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Using Your Tractor & Crop Talk

Discussion Board - Test weight verus volume

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IaGary

07-24-2012 18:19:01
108.160.229.48



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I got one for you paul and others

My truck will hold 375 bushels of corn that has a test weight of 56 pounds. That same truck will hold 450 bushel of oats that has a 32 pound per bushel test weight.

Why is that?

Remember 32 pound oats and 56 pound corn is the standard and the test weight on both can be tested and the truck, or any truck or wagon, will hold more bushels of oats than corn with the test weights of the grain at the standards.

Gary

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IaGary

07-27-2012 05:09:54
108.160.229.48



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 Re: Test weight verus volume in reply to IaGary, 07-24-2012 18:19:01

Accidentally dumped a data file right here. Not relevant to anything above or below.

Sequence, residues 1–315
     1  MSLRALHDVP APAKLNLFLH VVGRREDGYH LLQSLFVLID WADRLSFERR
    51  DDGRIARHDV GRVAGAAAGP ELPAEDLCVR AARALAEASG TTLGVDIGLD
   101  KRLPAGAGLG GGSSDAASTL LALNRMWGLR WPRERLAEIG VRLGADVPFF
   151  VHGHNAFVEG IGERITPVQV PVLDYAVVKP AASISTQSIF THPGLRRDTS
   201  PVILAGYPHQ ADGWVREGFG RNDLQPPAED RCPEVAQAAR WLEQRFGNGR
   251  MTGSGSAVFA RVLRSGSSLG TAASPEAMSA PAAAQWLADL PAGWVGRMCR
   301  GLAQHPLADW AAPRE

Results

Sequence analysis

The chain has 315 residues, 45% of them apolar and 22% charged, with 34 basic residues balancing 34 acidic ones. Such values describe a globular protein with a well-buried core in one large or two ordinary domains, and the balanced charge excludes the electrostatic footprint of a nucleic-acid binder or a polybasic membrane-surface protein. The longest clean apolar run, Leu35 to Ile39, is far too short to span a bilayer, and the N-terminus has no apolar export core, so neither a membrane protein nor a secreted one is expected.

Yes about the combine tank and all other oat and corn holding tanks.

I was looking for an answer when I posted this.I really don't know the answer.

I have no answer except to go long with what one other says. Compaction. Oats must compact more than corn thus fitting more pounds into a smaller area. Corn must compact more than beans cause I can get more bushels of corn in the truck than I can beans.

I tried to find the true answer else where and had no luck.

Gary

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LAA

07-25-2012 19:41:49
86.51.147.113



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 Re: Test weight verus volume in reply to IaGary, 07-24-2012 18:19:01  
On the one hand oats are bulkier than corn and thats the reason livestock have less digestive trouble if oats are part of the feed mix, but oats do settle so a 17% difference may be about right. How about your combine tank? does it take the same number of of tank fulls to fill your truck for oats as corn?